Believe It Or Not, Basketball Reasons

A common refrain when you point out that the Sixers two best players, Ben Simmons and Joel Embiid, don’t fit all that well with the way that James has historically played is that “LeBron will figure it out, he always has.”

Has he though?

The history is that everyone else has had to adjust their game around primary ball-handler LeBron. The offense tends to go through LeBron, with LeBron has the defacto point-forward, while everyone else waits for an open shot. At his best, James is surrounded by shooters that give him space to drive and create.

Chris Bosh went from a dominant post-player to a stretch five who sat outside on and shot threes. The same thing has happened to Kevin Love. Is that the best use of Joel Embiid? Try and think in the decade and a half of basketball that LeBron James has played, when he’s had a dominant offensive big-man in his life. It doesn’t really exist.

The point guards who have excelled with James are the ones who can hit outside shots when given the opportunity like Mo Williams, Boobie Gibson, Mario Chalmers, and then Kyrie Irving. It’s clear that Simmons doesn’t fit this mold.

In fact, the only time that James has stepped out of his comfort zone on offense was in Miami, where he operated as a power forward more than he has in any other situation. At that point, James was desperate to win his first championship. As I mentioned in the previous section, Miami, the one place that did not let him fully run the organization, watched him walk away as a free agent because of it.

Ben Simmons is a 21 year-old elite playmaker, who is only going to get better. Joel Embiid is one of the two or three best centers in the NBA at 23 years old, and is only going to get better. Bringing James in to take the ball out of Simmons’ hands and plant Embiid out at the three point arc for most of the game is basketball insanity.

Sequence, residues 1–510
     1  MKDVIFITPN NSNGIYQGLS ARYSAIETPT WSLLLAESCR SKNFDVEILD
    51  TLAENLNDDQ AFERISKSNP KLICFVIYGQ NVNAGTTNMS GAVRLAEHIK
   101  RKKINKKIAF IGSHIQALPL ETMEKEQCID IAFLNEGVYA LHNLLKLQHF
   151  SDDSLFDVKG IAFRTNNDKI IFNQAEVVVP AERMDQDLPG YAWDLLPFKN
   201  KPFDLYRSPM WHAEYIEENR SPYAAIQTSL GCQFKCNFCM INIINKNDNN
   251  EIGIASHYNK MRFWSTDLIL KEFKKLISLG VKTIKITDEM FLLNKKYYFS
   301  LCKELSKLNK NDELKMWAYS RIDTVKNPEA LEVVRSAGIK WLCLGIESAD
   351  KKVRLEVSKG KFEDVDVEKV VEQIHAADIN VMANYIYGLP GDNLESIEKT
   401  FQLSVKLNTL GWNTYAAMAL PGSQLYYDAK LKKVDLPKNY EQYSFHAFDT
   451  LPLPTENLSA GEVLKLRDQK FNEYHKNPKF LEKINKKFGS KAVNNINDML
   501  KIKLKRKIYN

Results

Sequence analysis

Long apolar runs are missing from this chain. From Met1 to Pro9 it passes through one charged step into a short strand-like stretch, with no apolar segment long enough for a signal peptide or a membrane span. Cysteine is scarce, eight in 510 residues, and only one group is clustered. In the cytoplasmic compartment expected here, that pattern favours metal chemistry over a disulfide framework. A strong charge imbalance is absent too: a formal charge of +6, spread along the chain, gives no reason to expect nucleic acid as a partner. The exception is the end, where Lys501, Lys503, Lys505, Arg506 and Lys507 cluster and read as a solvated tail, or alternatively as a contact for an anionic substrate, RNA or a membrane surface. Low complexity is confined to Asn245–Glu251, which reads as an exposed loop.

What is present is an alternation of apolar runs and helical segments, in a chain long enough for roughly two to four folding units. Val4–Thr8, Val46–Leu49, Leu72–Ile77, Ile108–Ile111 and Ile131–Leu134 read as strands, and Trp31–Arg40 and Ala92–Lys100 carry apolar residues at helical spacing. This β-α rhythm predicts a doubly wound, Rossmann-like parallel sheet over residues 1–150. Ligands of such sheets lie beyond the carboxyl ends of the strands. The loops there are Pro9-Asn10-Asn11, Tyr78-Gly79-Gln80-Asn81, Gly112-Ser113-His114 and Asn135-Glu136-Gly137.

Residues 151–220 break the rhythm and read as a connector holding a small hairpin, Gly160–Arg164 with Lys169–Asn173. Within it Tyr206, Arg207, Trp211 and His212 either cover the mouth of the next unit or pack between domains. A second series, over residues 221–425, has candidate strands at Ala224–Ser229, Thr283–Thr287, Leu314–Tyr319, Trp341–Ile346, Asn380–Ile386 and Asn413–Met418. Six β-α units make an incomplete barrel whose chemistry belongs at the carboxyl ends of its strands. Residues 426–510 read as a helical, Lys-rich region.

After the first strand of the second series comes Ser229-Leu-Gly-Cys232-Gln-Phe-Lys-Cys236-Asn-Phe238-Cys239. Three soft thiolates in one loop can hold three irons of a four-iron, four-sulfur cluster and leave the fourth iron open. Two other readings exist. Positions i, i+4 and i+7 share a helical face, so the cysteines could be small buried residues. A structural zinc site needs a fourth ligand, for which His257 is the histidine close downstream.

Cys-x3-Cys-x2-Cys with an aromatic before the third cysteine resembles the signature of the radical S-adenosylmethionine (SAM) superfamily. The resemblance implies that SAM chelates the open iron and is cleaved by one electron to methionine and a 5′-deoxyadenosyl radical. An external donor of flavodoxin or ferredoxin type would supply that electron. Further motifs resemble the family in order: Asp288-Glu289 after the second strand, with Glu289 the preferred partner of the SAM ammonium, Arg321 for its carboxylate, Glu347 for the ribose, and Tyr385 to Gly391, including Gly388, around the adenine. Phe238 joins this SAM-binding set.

The Fan Experience

Imagine being a Cleveland Cavaliers fan this season, as we watched James openly flirt with the Lakers and the Sixers, as you wait to see he’ll grace the team with his presence next year.

Imagine the gut-wrenching feeling after every loss during the playoffs, knowing that with each one, James has his second foot out the door (as the first one has been there since last summer). It’s tough enough to watch your favorite team lose a game, or a series, but the idea of losing everything along with it must take a good bit of the joy away.

Imagine watching your favorite team have to trade Kyrie Irving while James stood idly by and did nothing to prevent it. Yes, this year’s Cavs is the worst supporting cast that he’s had in a decade. But it’s impossible to talk about that without talking about the fact that James is a large chunk of the reason why it’s the case. Kyrie Irving did not want to play with LeBron James anymore, and James didn’t flinch.

Yes, watching your team be great and compete for a championship every season is great. Watching a great player on your favorite team is a lot of fun. Here’s the thing; we’re going to do that anyway. LeBron James is not our only avenue to watching a team compete for a title.

There Are Better Options

As crazy as it sounds, there are better options than LeBron James for the Sixers to acquire this offseason. There are player who are younger, better fits on the court, and willing to commit to the team for longer than one season.

Paul George is an unrestricted free agent. George has proven that he is capable of being an effective offensive player without being the number one option on the team. George is an elite defender, something that LeBron James once was but has left in the rear view mirror and only brings out for special occasions.